Managing shifts between levels of formality

I have been working with several teachers on the end of KS2 statement

manage shifts between levels of formality through selecting vocabulary precisely and by manipulating grammatical structures

The exemplification files for Leigh and Frankie show some good examples of what this can look like in writing.

  • in narrative they have shown the difference in formality between the story and some of the speech used by characters
  • in an explanation the text is more formal with a much more informal tone when relating the information to the writer’s own life
  • in a newspaper report the formality of the journalists report is contrasted with the informality of the direct and reported speech
  • in a diary different levels of formality are used to emphasise a point
  • in a letter the personal reflection on what will happen is more informal to show the excitement and enthusiasm of the writer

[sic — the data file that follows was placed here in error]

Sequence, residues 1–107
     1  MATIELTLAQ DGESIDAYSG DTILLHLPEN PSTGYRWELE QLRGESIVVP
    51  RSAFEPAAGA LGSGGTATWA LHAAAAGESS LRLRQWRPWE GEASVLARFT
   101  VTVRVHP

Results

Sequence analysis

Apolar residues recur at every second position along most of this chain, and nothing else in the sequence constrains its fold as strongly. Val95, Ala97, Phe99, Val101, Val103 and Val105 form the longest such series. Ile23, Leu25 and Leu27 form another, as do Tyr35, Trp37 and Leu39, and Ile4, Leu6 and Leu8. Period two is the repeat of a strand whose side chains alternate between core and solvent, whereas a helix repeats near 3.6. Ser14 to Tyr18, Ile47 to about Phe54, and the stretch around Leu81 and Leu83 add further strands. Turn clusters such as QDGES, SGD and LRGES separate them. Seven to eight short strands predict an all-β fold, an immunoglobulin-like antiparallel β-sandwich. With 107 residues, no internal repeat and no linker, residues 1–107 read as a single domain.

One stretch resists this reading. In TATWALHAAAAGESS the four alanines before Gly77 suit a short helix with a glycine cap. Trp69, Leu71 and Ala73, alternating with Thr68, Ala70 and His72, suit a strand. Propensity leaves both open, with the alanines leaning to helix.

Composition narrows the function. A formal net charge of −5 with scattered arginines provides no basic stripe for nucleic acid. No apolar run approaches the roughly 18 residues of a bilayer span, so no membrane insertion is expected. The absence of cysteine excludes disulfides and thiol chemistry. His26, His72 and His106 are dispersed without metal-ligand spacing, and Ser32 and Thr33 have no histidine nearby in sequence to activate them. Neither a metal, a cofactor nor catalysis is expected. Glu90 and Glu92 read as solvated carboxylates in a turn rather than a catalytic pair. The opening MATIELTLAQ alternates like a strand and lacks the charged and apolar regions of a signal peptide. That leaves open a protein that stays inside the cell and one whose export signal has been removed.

We then went on to think about texts that would model this for the children. One that we had to hand was My Secret War Diary by Flossie Albright – author Marcia Williams.  You can open this book on any page and find some examples of shifts in formality. We happened to open the book on p60 and found diary entries in very informal, spoken language which doesn’t always have subject verb agreement.


Flipping heck, I’m scared. I don’t want to sleep all alone downstairs no more. The Luftwaffe has begun to attack British Ships in the channel; our pilots spotted dozens of German aircraft dropping bombs on a convy near Dover.  Cook says it’s their invasion tactic to draw British planes into battle and then destroy them … I hopes we got enough planes.

This is then contrasted with a war talk in assembly from Miss Duncan on p61. It is more formal, although it still uses the pronouns you and our but it also contains the passive to distance and separate ‘us’ from the downed pilots who are prisoners. Another good page to use would be p22 and 23 where the informality of the diary entries is contrasted with a more formal newspaper report and within the report there are shifts of formality as well.

Which texts have you used to teach this? Has anyone used a film that would support the teaching of this element?

18 thoughts on “Managing shifts between levels of formality